Download flyer (.pdf) by clicking here.
New Grants for South Florida's National Parks
Posted October 2014
The South Florida National Parks Trust has approved $190,000 in new grant funding for South Florida's national parks for the fiscal year that begins October 1, 2014. The new funding will create native habitat on an island in Biscayne Bay, restore the flow of fresh water in the Turner River, protect nesting sea turtles in the Dry Tortugas and support ongoing visitor and volunteer programs in Everglades National Park. The new grants approved by the SFNPT board include:
- $26,200 to restore a spoil island in Biscayne National Park with native vegetation. Park volunteers will replace exotic vegetation with a mangrove wetland and hardwood hammock on an island south of Black Point Marina.
- $25,000 in second-year funding for a Turner River restoration project that will restore the flow of fresh water into one of the most scenic and popular paddling spots in South Florida. The SFNPT provided $35,000 for this project in 2013.
- $23,200 to establish a water-sampling program in Biscayne National Park that will serve as an early warning / rapid response system for algal blooms in park waters. Early detection will aid park efforts to understand and prevent algal blooms in the future.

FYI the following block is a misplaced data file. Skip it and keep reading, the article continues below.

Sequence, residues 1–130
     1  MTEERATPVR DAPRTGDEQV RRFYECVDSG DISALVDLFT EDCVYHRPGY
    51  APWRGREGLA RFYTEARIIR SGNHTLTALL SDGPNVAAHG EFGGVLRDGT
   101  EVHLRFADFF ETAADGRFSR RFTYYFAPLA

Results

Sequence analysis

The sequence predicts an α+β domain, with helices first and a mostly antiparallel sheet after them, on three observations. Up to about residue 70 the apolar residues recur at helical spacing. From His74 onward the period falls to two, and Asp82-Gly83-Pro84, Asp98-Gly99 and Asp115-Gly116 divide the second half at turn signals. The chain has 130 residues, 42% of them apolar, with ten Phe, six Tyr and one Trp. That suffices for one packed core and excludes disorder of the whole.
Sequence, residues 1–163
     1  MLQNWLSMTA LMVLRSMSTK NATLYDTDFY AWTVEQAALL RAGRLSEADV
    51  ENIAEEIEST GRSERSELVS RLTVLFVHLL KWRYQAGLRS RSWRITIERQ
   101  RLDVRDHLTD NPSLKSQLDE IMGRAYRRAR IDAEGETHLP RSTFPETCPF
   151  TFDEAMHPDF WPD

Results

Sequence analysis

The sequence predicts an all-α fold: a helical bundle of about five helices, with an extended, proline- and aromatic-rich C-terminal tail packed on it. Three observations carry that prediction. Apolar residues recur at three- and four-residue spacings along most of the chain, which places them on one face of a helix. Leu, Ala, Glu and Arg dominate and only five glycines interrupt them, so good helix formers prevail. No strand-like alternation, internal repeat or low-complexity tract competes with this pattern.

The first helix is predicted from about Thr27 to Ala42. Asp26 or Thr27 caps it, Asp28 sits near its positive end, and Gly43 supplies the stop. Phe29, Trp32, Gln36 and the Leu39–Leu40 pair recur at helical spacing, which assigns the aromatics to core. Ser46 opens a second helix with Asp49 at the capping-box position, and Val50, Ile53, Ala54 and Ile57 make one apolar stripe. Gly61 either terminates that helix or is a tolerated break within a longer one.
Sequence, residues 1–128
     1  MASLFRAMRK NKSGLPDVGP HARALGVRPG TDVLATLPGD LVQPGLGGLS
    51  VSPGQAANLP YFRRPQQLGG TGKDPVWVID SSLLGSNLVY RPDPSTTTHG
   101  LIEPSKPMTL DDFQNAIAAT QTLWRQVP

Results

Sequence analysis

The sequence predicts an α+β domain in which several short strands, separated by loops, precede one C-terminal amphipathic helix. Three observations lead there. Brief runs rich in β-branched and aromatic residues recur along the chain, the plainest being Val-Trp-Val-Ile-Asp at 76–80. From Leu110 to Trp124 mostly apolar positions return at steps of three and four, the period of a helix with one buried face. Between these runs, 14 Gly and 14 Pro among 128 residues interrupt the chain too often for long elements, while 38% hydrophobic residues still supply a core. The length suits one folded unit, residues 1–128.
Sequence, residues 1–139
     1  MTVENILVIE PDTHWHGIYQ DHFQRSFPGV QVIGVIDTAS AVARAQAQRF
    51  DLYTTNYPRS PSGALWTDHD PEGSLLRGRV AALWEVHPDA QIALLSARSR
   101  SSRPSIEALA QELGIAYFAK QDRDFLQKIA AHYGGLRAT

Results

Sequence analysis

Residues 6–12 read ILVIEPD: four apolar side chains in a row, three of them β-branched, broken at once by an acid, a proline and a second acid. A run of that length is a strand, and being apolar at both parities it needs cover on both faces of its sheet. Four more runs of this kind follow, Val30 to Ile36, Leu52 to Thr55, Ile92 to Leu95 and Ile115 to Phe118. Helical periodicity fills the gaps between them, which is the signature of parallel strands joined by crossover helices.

- $25,400 to fund two BioCorps interns in Everglades National Park in 2015 to work alongside park scientists to control invasive species and protect native wildlife. The park launched the BioCorps Program in 2014 to address emerging issues in the park.
- $15,200 to monitor sea turtle nesting activity on remote beaches in Dry Tortugas National Park during the busy summer nesting season.
- $33,535 to promote better stewardship of Florida Bay in Everglades National Park through community outreach, education and enhanced law enforcement on the water.
- $6,700 to support the 4th annual Swamp Heritage Festival, a celebration of the history and culture of the Big Cypress on Saturday December 6. The Big Cypress National Preserve – the nation's first national preserve – is celebrating its 40th anniversary this year.